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AI: Overhyped and Misunderstood? A Data Scientist Answers the Questions You’re Afraid to Ask

In this five-part series from Dstillery, their AI, Machine Learning and Data Science experts will help marketers and market researchers demystify these emerging trends and offer ideas for taking action.

In 2018, it’s not enough to be a data-driven company. Forrester recently identified a new kind of business growing at more than 30% each year. Insights-driven businesses go beyond making isolated decisions with data by integrating insights into every process. This begs the question: How can your organization do the same?

In our opinion, Artificial Intelligence will become the primary tool to drive competitive advantage. This buzzword has hit peak saturation, so we decided to break it down in order to help you break through the noise and focus on what matters.

Before diving into the more advanced ideas, there are a few core concepts to understand: AI, Machine Learning, and Data Science. Melinda Han Williams, VP of Data Science and Analytics, will explain how these foundational concepts work together and how they will impact the market research industry.

What Is AI?

AI is a field of computer science that aims to develop machines that act “intelligently,” that is, machines that can make highly informed decisions autonomously. This concept has been around since the 1950s in academic circles. These days, we often hear about AI designed to replicate human behavior, like self-driving cars or computers that play chess. Pop culture regularly reinforces this characterization. Science fiction, for instance, has imagined AI in the form of humanoid robots that become self aware and eventually turn on their creators, like those depicted in Westworld or Terminator.

It’s easy to conclude that the only goal of AI is to give computers human intelligence, but reality is not what Hollywood imagines. As a consumer, you interact with AI-fueled products all the time. AI enhances the consumer journey so seamlessly that the processes behind the results are often overlooked. Take, for instance, Amazon’s ability to predict and recommend products you might like to buy. AI easily sifts through the purchase behavior data from hundreds of millions of customers in order to predict what you’re most likely to want next – an incredibly valuable capability for marketers that is only feasible with AI.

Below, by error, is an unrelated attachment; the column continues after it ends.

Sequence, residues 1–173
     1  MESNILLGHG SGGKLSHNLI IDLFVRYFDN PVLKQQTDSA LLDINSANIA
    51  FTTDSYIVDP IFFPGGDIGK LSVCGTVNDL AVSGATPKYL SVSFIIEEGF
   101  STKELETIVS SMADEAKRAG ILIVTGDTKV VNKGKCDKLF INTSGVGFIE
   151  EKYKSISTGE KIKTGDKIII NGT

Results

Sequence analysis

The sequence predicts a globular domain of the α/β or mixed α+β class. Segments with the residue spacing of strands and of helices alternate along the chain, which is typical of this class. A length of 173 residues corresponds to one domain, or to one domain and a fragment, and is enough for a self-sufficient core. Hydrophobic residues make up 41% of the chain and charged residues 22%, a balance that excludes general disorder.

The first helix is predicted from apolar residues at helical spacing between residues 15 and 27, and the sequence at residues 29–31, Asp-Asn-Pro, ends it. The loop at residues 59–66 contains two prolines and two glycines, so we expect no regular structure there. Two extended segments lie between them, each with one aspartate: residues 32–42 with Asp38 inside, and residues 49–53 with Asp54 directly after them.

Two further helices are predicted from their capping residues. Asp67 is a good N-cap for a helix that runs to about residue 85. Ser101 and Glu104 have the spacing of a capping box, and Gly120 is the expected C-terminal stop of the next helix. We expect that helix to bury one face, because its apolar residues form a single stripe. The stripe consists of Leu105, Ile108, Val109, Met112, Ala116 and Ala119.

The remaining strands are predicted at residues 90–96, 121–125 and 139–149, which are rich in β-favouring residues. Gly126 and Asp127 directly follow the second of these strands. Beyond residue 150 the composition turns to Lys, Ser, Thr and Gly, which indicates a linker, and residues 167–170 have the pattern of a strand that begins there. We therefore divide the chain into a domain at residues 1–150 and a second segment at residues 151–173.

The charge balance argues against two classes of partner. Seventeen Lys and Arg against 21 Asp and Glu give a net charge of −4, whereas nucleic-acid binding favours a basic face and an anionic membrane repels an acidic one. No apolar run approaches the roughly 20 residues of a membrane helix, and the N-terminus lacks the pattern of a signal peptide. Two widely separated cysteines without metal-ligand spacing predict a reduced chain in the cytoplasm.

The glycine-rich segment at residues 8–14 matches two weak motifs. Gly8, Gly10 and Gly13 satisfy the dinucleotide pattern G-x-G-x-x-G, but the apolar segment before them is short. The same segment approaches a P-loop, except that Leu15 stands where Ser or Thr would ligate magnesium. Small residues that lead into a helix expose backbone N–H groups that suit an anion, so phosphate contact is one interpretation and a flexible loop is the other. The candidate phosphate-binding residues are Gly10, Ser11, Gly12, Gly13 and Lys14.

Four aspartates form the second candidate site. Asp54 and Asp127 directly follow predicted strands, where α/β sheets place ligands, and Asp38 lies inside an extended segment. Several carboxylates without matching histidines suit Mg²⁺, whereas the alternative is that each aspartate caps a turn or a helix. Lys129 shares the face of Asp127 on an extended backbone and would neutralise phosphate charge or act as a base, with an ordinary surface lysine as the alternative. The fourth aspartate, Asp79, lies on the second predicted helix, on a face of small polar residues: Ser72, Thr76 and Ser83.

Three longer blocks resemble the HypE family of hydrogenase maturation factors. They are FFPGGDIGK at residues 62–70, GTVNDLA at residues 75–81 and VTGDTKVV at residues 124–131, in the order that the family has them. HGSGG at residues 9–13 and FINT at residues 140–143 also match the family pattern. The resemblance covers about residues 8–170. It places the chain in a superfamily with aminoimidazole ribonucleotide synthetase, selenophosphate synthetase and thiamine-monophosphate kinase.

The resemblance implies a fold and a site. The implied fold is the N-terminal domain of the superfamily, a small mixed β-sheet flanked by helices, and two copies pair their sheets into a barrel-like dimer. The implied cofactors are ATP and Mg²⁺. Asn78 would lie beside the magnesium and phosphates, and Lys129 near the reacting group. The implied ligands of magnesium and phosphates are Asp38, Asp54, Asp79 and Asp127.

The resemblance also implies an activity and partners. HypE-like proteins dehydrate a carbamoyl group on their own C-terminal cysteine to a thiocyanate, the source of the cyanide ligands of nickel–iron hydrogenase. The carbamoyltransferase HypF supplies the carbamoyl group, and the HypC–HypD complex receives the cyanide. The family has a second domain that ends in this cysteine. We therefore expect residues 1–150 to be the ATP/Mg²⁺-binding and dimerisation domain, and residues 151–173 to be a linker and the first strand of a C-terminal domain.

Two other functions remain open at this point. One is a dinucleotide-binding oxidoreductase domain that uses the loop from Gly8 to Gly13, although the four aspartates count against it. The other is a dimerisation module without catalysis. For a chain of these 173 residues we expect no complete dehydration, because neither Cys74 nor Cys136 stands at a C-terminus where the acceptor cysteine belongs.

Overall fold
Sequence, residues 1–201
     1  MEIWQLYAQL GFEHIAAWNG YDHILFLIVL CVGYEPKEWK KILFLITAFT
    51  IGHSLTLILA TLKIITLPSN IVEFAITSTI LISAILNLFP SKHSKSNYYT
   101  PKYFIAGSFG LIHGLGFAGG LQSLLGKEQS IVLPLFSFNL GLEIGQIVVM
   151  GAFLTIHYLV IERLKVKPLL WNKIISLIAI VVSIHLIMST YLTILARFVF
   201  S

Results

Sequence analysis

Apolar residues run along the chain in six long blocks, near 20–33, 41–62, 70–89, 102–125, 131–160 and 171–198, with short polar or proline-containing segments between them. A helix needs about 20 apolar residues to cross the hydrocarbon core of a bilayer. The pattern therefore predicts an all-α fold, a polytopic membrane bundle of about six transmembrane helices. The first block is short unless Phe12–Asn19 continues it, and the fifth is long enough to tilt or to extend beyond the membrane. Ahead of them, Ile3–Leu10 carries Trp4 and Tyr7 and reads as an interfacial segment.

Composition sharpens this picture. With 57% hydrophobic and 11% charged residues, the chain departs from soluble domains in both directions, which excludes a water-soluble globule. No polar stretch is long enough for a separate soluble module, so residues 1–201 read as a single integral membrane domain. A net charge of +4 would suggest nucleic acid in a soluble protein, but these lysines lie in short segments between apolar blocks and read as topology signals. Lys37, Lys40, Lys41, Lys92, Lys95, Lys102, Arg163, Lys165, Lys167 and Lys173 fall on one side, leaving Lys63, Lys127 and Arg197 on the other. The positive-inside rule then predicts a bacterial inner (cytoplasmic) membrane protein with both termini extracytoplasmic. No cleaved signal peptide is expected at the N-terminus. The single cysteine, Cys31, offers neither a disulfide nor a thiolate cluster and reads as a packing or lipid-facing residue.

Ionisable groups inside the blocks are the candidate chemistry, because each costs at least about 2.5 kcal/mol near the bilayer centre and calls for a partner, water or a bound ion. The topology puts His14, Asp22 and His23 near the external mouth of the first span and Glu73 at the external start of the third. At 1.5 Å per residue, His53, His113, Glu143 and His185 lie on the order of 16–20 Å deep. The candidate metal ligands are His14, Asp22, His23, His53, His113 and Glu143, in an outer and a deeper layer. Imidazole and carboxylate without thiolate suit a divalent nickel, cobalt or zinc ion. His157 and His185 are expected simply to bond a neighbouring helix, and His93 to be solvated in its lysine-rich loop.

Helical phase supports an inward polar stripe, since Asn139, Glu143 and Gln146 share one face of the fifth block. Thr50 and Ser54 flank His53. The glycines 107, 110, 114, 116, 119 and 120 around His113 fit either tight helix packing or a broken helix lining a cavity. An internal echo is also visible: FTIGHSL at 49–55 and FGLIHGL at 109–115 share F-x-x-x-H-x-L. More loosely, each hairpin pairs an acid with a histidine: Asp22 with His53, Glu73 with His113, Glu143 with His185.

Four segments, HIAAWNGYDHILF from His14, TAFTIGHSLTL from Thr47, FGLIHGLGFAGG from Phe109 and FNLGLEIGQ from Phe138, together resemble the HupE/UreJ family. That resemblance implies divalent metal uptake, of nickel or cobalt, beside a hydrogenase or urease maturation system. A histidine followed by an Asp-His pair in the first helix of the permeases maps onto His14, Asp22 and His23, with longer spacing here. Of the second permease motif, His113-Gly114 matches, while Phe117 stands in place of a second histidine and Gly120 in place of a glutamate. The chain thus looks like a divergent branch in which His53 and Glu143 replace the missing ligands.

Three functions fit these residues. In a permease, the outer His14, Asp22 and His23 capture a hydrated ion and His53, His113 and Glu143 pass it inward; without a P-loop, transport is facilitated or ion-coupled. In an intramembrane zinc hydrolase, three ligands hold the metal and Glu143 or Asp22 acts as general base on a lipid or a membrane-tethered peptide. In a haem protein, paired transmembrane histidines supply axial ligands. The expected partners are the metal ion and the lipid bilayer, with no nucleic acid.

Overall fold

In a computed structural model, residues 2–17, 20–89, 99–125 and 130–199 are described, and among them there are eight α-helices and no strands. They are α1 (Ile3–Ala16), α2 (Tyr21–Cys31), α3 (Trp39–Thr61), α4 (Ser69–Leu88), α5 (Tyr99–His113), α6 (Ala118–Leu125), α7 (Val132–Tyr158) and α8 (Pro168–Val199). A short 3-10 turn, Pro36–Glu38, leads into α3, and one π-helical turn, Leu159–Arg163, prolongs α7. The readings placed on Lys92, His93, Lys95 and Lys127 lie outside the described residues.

So while Westworld-type robots remain science fiction, computers capable of performing advanced cognitive tasks are now very much a reality. Marketers all over the world are using AI to gain insight into their customers behavior and ultimately predict who their next customers will be. They use it to identify the optimal time, place and message to target those prospects, as well as conduct market research based on observed behavior. Knowing which consumers are most likely to become profitable customers can transform your company into a true insights-driven business, something we’ll explore throughout this series.

What Is Machine Learning?

AI allows computers to act intelligently, but there are different ways to achieve that autonomous decision-making. Machine learning is an approach to AI where the computer learns from data. This makes it nicely suited to solve the dilemma marketers find themselves in – deriving actionable insights from massive volumes of data. Free from our cognitive bias, a machine learning algorithm can spot meaningful connections that are impossible for humans to find on our own.